Our recent exploration of TV sound elicited this reader question:
"My wife and I are not hi-fi fanatics, but we (especially my wife) have another complaint. Many programs, prominently the PBS programs from the BBC, have very intrusive 'background' music that almost covers up the dialog. She, especially, has trouble understanding the British accents, and feels the music is intrusive and annoying.
"In a related aspect, I think I once heard that the broadcast sound is supposed to have the music on different channels from the voice, assuming you have a multispeaker system, which we don't. Then, one is supposed to be able to de-emphasize the music and elevate the voice if you wish.
"Any truth to this? Is there any reasonable way to correct this if you are essentially a low-tech sort of person who groans at the thought of adding still more electronic equipment?"
It's a long way from the TV soundstage to your living room. Since most TV shows are low budget compared to movies, they often capture dialog during the actual filming/video taping, rather than re-recording it and synchronizing it after the fact.
I once heard the roughs of the first "Star Wars" movie with the dialog basically a place holder, accompanied by all the production sounds of the cameras, robots, footfalls, etc.
After the actual recording of the TV show, music and other effects are overlaid.
Sound mixers face the same problem as those who mix music recordings for CDs. The equipment in the studio, especially the speakers, might not match the sound system or TV speakers reproducing the sound at the listeners' end of the chain.
Contemporary digital TV sound adds another complexity. Dolby Digital 5.1 is the standard for HDTV. This requires the sound mixer to find a compromise between two-channel stereo, since most TVs come equipped for simple two-channel, and 5.1-channel surround sound. A long chain between the mixer in the studio and your TV leaves plenty of room for subtle changes in the mix and overall sound.
To return to the reader's question, Dolby 5.1 specifies that the main dialog be channeled through the center speaker while some dialog providing directional cues, music and most sound effects should be directed to the left and right front speakers.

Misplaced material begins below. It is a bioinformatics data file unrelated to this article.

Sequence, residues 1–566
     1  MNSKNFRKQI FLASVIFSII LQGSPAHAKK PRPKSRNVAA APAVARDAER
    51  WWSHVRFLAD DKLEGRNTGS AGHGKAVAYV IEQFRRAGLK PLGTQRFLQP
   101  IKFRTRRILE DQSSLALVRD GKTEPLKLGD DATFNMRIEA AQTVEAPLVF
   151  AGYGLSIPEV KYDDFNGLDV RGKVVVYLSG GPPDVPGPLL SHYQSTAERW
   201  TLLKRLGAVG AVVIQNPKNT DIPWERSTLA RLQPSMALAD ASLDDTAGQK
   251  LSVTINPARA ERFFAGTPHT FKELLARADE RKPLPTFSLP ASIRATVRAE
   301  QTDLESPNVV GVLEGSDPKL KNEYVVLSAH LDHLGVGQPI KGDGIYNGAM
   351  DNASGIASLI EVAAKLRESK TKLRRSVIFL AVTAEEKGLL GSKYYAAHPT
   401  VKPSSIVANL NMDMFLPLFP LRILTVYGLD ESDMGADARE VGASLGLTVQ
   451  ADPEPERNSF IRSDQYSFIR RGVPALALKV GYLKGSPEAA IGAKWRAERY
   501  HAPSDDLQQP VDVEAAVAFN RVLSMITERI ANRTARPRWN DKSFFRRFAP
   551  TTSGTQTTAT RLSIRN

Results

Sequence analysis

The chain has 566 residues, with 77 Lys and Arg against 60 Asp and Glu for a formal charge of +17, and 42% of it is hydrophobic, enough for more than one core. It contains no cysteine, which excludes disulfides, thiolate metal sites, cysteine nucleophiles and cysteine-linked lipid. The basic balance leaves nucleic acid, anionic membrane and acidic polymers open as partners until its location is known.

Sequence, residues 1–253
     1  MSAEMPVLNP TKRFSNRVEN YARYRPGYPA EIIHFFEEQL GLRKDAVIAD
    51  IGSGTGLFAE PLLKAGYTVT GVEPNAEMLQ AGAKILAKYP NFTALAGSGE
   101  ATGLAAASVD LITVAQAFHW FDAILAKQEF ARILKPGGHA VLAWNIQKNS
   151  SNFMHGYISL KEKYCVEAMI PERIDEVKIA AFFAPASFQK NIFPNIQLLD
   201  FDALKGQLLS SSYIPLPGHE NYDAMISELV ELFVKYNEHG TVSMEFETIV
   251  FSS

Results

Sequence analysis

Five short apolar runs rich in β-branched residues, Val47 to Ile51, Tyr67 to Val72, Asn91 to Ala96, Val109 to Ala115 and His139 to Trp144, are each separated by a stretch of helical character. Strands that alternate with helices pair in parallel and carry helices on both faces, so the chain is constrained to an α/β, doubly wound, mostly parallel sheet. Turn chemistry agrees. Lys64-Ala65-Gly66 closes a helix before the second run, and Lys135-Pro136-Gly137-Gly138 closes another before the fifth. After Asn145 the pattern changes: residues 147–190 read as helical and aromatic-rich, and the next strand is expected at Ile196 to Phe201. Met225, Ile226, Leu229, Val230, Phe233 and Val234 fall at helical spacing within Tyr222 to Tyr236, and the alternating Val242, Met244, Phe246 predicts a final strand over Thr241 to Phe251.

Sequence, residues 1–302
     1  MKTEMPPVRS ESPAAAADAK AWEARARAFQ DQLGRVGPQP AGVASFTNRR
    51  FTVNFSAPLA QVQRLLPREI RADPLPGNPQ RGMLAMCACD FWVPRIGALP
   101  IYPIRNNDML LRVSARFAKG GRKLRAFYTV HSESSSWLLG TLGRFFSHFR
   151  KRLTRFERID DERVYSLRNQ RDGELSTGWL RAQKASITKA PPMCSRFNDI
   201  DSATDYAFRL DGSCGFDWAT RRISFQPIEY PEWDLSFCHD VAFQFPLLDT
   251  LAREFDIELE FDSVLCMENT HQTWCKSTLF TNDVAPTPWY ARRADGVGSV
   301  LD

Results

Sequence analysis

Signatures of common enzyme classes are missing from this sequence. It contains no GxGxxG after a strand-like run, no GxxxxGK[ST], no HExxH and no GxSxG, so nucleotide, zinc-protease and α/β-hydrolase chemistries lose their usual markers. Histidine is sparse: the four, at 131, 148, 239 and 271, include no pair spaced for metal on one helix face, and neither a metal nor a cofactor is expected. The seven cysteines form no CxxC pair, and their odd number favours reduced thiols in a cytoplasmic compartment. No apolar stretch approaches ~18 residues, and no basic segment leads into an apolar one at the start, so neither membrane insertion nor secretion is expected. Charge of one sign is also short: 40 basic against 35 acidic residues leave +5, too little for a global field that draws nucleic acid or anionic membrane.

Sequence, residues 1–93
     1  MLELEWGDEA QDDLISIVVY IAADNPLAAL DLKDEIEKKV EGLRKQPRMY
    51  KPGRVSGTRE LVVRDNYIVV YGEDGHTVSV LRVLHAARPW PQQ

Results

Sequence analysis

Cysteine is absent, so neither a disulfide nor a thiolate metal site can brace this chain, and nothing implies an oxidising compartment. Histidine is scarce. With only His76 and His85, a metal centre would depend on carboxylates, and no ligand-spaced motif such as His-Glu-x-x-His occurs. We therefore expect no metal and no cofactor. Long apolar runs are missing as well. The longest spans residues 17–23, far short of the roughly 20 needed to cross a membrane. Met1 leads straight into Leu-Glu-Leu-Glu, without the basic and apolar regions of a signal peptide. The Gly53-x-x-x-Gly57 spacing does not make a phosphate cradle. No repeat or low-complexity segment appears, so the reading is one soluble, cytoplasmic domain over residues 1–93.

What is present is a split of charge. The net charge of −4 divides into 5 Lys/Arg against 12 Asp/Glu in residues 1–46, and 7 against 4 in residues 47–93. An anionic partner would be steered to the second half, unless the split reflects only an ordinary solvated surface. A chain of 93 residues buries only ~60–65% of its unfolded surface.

Of course, if you merely have two speakers for stereo, the dialog is mixed into the left and right channels along with everything else. This could muddy, muddle or obscure dialog.
Thus, buying a simple, inexpensive home theater system, especially a 3.1-channel system without the rear surround channels, will most likely improve the audibility of dialog. Nearly all home theater systems allow adjusting the levels of each channel individually. You can lower the volume of the left and right channels and increase the level of the center channel, which will make the dialog louder.
Some older TV series, such as the original British Sherlock Holmes and Agatha Christie mysteries, are recorded in mono or basic stereo, in which case even a home theater system won't help.
You can find a modest home theater sound system for $200 or less. Depending upon your TV, connections should be fairly easy.
If you burrow into the audio set-up menus of many TVs, you can change the balance between the center channel dialog and left and right, even if the TV is basic stereo. Some TVs even include a "dialog enhancement" setting.
I view some of the British programs about which you complain and fully understand your difficulty. Even with my good home theater system, sometimes I just can't make out the dialog.
Beyond technological issues, BBC microphone techniques and audio standards, along with strong accents by the cast, often leave me straining to understand the dialog. The British tend to believe in more "natural" sound ambience than American TV directors, who usually place the microphones closer to the actors.
Rich Warren, who lives in the Champaign area, is a longtime reviewer of consumer electronics. He can be emailed at firstname.lastname@example.org.